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The Impact of Russia’s Invasion of Ukraine: A Trade Finance Compliance Perspective

As the Russian war effort directed against Ukraine continues, the latest round of sanctions forces shippers, cargo operators, corporates, banks and insurers to reevaluate their compliance programs to align with global regulation.

To date, the European Union has imposed seven packages of sanctions against Russia and Belarus, including targeted restrictive measures, economic sanctions and diplomatic actions. Regulators across North America, parts of Asia and the United Kingdom have implemented similar sanctions, all in an attempt to hinder Russia’s war effort.

The gradual rollout of stringent sanctions targeted at Russia has led to an increase in illicit trade behaviours, including dark shipping activity, vessel flag falsification and illicit goods’ movements.

Our August update white paper will provide insight on the most recent coverage, including:

• Vessel activity in high-risk areas and illicit shipping practices
• Suspected theft of Ukrainian grain by Russian and Syrian bulk carriers
• Russian oil movements
• Russian supply chain activity and trends
• Dual-use goods and commodities of concern.

Key Takeaways
• As of 25 July there are 414 vessels in the Crimea Joint War Committee (JWC) high-risk zone, an increase from the 373 vessels seen on 11 April
• Of the 414 vessels, 109 vessels have been ‘dark’ for 7 days or more
• From March to June there has been an increase of over 2,000 vessels going dark globally, with the associated average dark time decreasing. During the same time period, there was an approximately 25% increase in vessels engaging in a potential port call whilst dark
• Multiple Russian and Syrian bulkers have been dark in areas close to Kerch and Sevastopol in Crimea, after being identified by the U.S. and Ukrainian governments as vessels illicitly carrying stolen grain to Turkey, Syria and parts of Africa
• As of 25 July, there are 100 tankers that have loaded crude oil from Russian ports with 77.5M barrels of oil on the water. This is an increase from the previously reported 94 vessels loaded with 75.4M barrels of oil on 10 May
• Although India and China remain key importers of Russian oil, the remaining countries making up the top five importers are Italy, Turkey and Netherlands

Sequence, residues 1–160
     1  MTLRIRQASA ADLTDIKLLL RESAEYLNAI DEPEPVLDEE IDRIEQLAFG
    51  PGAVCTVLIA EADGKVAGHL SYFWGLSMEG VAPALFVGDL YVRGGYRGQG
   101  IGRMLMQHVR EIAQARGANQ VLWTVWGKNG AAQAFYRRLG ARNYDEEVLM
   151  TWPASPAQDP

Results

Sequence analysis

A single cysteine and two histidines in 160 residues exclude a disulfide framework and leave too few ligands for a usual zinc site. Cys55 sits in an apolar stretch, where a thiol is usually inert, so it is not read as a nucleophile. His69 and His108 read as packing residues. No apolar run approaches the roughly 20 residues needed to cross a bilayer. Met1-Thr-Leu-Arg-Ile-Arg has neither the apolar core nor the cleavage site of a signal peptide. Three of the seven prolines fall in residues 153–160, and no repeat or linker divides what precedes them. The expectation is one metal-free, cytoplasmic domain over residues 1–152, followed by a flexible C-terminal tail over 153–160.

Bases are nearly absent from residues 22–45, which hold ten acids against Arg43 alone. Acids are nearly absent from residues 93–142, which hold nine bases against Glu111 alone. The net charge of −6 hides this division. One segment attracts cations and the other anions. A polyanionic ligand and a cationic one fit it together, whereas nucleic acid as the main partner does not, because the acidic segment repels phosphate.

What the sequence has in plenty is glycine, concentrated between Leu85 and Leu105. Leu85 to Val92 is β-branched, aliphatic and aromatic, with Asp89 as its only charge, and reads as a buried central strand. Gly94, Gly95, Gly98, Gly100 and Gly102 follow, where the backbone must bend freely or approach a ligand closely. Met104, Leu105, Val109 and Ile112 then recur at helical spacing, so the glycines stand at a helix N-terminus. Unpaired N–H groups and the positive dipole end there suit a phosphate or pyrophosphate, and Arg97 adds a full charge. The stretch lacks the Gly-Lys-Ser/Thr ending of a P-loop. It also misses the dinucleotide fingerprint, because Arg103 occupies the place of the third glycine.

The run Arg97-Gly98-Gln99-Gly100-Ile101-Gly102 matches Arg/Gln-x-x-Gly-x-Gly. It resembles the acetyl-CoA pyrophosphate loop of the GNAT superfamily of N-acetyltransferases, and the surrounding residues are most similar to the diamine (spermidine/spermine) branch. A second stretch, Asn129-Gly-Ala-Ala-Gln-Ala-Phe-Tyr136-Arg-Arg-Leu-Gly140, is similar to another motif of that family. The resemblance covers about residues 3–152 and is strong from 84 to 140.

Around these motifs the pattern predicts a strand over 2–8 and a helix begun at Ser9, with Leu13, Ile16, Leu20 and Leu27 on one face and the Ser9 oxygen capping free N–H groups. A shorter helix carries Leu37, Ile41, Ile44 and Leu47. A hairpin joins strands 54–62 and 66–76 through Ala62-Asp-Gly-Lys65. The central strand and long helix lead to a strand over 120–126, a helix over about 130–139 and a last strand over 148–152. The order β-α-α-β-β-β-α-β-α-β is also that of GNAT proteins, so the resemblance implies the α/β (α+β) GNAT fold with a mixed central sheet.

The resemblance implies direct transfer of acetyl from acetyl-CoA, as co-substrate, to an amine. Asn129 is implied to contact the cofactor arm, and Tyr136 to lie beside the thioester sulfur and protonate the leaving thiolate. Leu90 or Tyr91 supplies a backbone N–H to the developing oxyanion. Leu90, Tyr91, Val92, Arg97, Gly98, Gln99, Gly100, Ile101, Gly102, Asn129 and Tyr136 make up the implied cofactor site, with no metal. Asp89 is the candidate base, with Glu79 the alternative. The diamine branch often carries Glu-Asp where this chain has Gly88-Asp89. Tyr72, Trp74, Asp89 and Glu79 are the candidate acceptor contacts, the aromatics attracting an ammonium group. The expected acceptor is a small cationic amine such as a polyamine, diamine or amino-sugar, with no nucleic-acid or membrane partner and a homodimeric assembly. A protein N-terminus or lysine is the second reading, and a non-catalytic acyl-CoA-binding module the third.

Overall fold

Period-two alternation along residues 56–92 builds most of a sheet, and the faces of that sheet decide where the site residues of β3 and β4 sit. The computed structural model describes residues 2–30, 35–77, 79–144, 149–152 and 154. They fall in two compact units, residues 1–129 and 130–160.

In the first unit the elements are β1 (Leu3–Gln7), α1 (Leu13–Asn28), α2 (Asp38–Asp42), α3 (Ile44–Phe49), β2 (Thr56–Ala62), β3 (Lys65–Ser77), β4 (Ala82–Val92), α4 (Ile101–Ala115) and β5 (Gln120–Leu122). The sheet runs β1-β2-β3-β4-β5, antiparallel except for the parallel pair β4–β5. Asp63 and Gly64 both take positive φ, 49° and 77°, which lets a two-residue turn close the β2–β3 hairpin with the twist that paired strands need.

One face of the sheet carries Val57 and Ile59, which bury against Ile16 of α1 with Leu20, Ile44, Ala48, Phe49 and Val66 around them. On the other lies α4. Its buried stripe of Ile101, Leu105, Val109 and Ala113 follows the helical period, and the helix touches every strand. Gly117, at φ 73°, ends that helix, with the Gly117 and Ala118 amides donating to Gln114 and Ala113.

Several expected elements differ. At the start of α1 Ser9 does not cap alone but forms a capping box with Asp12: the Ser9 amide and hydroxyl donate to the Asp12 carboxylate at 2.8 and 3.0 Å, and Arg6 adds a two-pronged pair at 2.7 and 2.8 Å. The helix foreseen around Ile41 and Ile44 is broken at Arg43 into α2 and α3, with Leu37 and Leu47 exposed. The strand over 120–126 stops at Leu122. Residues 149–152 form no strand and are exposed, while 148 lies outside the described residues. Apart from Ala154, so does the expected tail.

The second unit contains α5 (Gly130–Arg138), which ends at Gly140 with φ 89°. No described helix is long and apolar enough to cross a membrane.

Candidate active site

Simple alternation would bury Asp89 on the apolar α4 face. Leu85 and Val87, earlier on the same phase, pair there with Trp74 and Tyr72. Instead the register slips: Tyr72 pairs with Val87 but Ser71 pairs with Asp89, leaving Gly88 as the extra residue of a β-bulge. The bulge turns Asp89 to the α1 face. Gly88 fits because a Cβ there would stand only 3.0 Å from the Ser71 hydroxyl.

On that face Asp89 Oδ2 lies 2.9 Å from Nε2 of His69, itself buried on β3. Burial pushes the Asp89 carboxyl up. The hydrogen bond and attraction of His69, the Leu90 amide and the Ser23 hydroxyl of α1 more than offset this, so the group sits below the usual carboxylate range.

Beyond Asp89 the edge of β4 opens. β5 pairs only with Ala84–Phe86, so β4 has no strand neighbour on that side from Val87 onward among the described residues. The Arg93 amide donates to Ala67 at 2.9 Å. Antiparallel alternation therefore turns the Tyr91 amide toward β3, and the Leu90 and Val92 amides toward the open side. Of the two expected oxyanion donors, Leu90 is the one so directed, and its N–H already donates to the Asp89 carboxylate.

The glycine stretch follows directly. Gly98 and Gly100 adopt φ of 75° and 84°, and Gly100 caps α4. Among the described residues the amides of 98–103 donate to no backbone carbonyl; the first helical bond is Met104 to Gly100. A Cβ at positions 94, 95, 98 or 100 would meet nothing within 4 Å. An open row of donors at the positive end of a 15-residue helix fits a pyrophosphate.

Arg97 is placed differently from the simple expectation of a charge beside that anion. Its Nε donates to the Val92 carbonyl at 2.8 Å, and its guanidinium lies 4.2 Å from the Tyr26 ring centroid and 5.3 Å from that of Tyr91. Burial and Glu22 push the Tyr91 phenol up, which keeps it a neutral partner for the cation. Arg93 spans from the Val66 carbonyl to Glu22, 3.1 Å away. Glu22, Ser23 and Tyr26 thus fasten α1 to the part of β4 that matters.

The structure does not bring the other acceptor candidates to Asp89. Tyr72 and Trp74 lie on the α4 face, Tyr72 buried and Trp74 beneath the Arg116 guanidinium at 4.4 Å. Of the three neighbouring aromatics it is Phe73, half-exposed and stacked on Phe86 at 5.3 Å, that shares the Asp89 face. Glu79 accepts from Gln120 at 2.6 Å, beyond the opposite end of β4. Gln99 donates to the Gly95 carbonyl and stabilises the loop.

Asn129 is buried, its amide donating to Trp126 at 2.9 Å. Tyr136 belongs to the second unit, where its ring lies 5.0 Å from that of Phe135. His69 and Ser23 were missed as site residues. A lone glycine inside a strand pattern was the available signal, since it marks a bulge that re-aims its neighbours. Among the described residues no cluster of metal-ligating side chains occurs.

• In the last 3 months, Italy has been the third largest importer of Russian oil behind China and India, receiving on average 700,000 barrels a day
• As of 25 July, 22 bulker vessels registered to Greece are in transit from Russia to China, India, Italy, Turkey and Netherlands. In the last 5 months there has been a 150% increase in the number of Greek, Maltese and Cypriot vessel operators carrying Russian oil
• Customs data for trade with Russia in May 2022, shows that China remains a key trading partner. There has been an increase in the value of goods traded month on month for the previous two quarters. Mineral Fuels and oils (HS Chapter 27) accounted for over 77% of total value of traded goods in May 2022. There were large notable increases in the month-to-month changes in value of goods being exported from Russia to Switzerland, Ivory Coast, Panama, South Africa and Argentina
• The U.S. Bureau of Industry and Security (BIS) and Financial Crime Enforcement Network (FinCEN) released a joint advisory on 28 June, reiterating the need for vigilance in regard to the shipment of certain ‘commodities of concern’. Many of the commodities listed in the BIS and FinCEN document are being exported directly to Russia from countries such as China, India, Turkey, Vietnam, South Korea and Japan
Source: IHS Markit by Ravi Amin, https://ihsmarkit.com/research-analysis/maritime-and-trade-talk-impact-russia-invasion-ukraine-trade-finance-compliance-II.html

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